Small Pleasures by Clare Chambers – and in Cornwall

Clare Chambers, Small Pleasures. Weidenfeld & Nicholson, paperback, 2021. First published 2020

I bought this for Mrs TD, who so enjoyed it she urged me to read it when she’d finished. I was less enthusiastic.

Clare Chambers Small Pleasures cover I did enjoy the depiction of the central character, Jean, a middle-aged small-town newspaper journalist whose existence has shrunk to that of a Barbara Pym routine of longing for love and kindness while caring for an ungrateful, spiteful and embarrassingly rude old mother. When she does find a caring, sensitive man who returns her love, there’s a strong sense of fulfilment but also of foreboding.

This is the best element in the novel: a heartwarming and moving portrayal of the kind of woman not often given such scrupulous and sympathetic authorial attention.

The virgin birth plot is less satisfactory. Jean is investigating the extraordinary story of a woman who claimed she’d given birth to her daughter, now aged ten, without the intervention of a man. Chambers strings out this mystery for over 300 pages, and I felt she sort of lost interest in its outcome about a third of the way through.

There’s an early spoiler, too, which partly caused my lukewarm reaction to the central plot.

I’d recommend Small Pleasures, however, as a not too demanding and often very touching portrait of a woman who thought her chances of experiencing love and passion again had vanished. There’s always hope, even though life has ways of thwarting those chances.

Cove nr FalmouthI’ve been pretty busy with a work project lately, hence the silence of the blog. So I’ll finish with a few images of some recent small (summer) pleasures in Cornwall. Between work sessions I’ve been enjoying coastal walks with Mrs TD. This cove is near Pendennis Castle (built in Henry VIII’s reign) in Falmouth, where we went early this month. The footpath takes the walker past some smaller, less venerable and imposing military installations that would also have guarded the entrance to the Carrick Roads and Falmouth docks and harbour. Just before I took this picture of the pleasant cove a seal popped its head up and scrutinised us with what looked like a mix of interest and disappointment. He’d gone by the time I got my phone out, unfortunately.

Trevone The following week we went up the north coast beyond Padstow, now brimming with posh London tourists, to the less frequented and beautiful beach at Trevone. This picture shows the rocky foreshore nearby; the sandy beach is just to the right of it. We’d read about a rockpool a short walk along the coast. It turned out to be an ideal little natural swimming pool, without the currents and waves of the open sea. Three generations of families were enjoying it at the same time as us – there was a lovely sense of shared (small) pleasure.

Carbis Bay gull A few days later, during Britain’s week-long hot spell (aka summer), we returned to Carbis Bay with Mrs TD’s sister and brother-in-law. When I reported about this beach last month, just as the G7 conference was ending, it was closed to visitors; now it’s much busier – but still didn’t feel crowded. Here’s my usual picture of a truculent seagull, glaring at me for having the effrontery to take its picture without some sort of recompense. Godrevy lighthouse is just  visible in the background. This is the one that (partially) inspired Virginia Woolf’s novel To the Lighthouse; as is well known, she and her family used to holiday regularly at St Ives, just round the headland from Carbis Bay.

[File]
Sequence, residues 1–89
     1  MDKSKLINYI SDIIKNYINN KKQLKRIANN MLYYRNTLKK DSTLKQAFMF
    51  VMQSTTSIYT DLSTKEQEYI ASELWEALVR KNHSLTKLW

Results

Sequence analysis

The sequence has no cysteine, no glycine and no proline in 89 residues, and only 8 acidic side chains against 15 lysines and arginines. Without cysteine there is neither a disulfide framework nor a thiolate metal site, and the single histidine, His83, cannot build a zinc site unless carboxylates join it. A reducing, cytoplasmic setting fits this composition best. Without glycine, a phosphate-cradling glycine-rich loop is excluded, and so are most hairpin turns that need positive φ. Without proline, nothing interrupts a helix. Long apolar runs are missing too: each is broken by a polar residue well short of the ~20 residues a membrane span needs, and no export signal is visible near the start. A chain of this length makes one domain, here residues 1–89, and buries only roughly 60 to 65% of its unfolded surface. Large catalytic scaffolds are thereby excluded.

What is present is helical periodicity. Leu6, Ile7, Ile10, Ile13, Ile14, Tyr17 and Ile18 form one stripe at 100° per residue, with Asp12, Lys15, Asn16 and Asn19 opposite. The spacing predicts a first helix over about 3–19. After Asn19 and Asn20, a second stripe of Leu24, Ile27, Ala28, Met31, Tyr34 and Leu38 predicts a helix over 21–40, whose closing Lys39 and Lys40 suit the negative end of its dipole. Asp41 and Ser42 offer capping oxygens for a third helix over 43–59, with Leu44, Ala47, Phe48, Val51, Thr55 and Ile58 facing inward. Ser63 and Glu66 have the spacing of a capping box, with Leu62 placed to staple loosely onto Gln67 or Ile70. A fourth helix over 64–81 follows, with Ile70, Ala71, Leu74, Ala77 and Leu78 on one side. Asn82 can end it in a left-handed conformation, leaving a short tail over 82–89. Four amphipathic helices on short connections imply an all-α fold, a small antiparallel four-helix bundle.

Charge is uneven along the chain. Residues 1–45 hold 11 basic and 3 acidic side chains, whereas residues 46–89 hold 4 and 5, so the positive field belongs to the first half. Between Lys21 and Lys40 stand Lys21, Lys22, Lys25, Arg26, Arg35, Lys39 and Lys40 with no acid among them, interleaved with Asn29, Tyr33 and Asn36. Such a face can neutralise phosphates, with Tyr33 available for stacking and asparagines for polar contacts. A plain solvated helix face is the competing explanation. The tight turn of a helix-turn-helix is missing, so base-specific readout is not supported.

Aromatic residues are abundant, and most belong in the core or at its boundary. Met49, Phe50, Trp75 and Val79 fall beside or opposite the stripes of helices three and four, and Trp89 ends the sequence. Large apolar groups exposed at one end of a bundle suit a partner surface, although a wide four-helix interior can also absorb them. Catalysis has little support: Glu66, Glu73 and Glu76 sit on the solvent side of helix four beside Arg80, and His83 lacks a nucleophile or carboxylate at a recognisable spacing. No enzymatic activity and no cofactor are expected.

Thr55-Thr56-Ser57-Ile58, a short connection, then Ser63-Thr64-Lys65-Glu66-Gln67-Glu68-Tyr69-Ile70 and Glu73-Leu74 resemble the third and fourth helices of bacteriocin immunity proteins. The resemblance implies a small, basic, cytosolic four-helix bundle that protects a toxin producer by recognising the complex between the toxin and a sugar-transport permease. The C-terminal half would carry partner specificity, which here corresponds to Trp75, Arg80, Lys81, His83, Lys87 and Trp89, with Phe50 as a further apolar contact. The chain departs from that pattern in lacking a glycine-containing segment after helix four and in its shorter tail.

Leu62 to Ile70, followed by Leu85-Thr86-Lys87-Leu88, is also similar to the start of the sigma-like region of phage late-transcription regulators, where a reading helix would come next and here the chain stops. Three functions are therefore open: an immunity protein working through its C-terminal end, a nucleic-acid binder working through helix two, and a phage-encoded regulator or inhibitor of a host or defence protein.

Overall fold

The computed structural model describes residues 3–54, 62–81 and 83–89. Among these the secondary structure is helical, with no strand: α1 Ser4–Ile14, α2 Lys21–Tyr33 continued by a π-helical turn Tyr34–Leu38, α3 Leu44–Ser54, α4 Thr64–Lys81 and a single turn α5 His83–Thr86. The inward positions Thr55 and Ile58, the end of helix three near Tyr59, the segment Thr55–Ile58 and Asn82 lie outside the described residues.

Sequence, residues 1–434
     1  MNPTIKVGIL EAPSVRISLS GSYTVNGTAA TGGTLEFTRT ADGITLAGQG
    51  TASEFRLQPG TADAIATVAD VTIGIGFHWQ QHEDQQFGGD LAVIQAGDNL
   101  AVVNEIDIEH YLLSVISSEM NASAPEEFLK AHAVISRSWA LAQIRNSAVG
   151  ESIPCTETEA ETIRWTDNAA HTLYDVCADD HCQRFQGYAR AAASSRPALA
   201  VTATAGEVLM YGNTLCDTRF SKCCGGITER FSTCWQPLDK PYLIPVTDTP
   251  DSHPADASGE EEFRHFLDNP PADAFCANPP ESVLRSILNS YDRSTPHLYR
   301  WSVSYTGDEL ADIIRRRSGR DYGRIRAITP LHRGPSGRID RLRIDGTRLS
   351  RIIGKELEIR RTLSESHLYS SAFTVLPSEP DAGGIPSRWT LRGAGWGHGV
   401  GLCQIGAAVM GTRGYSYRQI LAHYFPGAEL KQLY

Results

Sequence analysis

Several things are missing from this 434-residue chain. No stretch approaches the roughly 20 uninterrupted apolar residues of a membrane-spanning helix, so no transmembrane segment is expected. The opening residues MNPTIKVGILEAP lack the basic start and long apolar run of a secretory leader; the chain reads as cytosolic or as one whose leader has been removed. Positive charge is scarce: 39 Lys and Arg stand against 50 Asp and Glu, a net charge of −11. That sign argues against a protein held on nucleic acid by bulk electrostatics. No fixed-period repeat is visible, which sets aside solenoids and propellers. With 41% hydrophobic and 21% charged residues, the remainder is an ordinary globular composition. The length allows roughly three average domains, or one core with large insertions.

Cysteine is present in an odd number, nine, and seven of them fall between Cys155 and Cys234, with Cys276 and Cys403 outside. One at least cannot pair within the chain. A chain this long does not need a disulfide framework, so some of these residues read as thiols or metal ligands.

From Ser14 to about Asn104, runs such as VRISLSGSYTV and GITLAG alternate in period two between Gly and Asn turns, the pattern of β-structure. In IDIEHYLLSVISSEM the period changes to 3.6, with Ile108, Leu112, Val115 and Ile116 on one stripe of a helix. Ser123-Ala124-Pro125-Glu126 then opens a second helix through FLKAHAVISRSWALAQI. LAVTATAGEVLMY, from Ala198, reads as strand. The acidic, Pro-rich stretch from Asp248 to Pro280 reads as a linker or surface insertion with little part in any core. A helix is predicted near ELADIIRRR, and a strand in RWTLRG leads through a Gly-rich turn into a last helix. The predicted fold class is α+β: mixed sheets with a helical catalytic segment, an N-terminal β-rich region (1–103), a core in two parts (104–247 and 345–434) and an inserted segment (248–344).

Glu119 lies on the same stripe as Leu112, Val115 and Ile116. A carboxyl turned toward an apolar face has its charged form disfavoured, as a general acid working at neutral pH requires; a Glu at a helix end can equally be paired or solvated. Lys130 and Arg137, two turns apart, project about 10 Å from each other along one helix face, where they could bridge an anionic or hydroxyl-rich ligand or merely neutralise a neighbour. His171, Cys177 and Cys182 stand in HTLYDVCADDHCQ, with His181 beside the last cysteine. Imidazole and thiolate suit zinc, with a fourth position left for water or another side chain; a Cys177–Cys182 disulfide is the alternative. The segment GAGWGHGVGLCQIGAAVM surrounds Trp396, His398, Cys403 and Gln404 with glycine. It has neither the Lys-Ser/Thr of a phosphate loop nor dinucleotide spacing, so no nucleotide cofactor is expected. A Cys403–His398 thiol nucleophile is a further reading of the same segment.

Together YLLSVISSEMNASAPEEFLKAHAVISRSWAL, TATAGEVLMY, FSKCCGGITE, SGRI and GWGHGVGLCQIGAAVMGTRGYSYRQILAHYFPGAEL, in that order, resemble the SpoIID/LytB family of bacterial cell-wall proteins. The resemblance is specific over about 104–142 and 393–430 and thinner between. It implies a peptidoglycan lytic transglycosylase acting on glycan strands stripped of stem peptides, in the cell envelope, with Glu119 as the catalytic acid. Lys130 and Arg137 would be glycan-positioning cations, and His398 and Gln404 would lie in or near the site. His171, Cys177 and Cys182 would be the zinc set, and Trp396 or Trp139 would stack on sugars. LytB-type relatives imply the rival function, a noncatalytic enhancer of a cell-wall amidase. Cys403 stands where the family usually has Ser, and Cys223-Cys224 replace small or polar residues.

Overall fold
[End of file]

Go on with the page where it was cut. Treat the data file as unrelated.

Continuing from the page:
Now we’re back to cooler weather and showers. But there are occasional swooping, screeching groups of swifts over our house to brighten the days.

 

The Internet meant death: Jonathan Franzen, Purity

Jonathan Franzen, Purity. Fourth Estate, London (2015). Hardback, 563 pp.

Jonathan Franzen Purity cover Near the end of this novel one of the main characters, Pip:

…was thinking about how terrible the world was, what an eternal struggle for power. Being needed was power. Power, power, power: how could the world be organized around the struggle for a thing so lonely and oppressive in the having of it? ( p.539)

 [Her mentor and possible love interest Andreas is becoming increasing paranoid about his past’s secrets coming out, so takes to researching his own history online] He was so immersed and implicated in the Internet, so enmeshed in its totalitarianism, that his online existence was coming to seem realer than his physical self…Private thoughts didn’t exist in the retrievable, disseminable and readable way that data did…The Internet meant death

The aim of the Internet and its associated technologies was to “liberate” humanity from the tasks – making things, learning things, remembering things – that had previously given meaning to life and thus had constituted life. Now it seemed as if the only task that meant anything was search-engine optimization.

Dystopian novels have always tended to be more or less veiled critiques of the abuse of power by those in authority, and of the need to halt their dangerous manipulation of the people over whom they wielded that power, usually by controlling the way they thought about the society they lived in, using, among other methods, the media of mass communication.

Early in the 21C a new theme emerged in this type of fiction to reflect the rise of technology and the ever-increasingly intrusive role of the internet and social media. In 2013 Dave Eggers’ novel The Circle, later made into a rather poor film, highlighted the corrosive effects on society of the ubiquity of self-presentation online, especially in social media, resulting in the end of ‘reality’, privacy and secrecy.

In popular culture the TV series by Charlie Brooker and others, ‘Black Mirror’, first screened on Britain’s Channel 4 in 2011-14, then by Netflix 2016-19, worked on similar themes. Its title refers to the screens of high-tech devices like smartphones, and the storylines involved dystopian depictions of incursions by corporations and governments on data privacy, increasing surveillance, VR, and so on. These sinister developments for the purposes of corporations gaining greater power and profits resulted in the alienation of the mass users of the tech. The cynical use of people’s desire to use tech to achieve happier, more successful and fulfilling lives was a means of  furthering these organisations’ own nefarious schemes.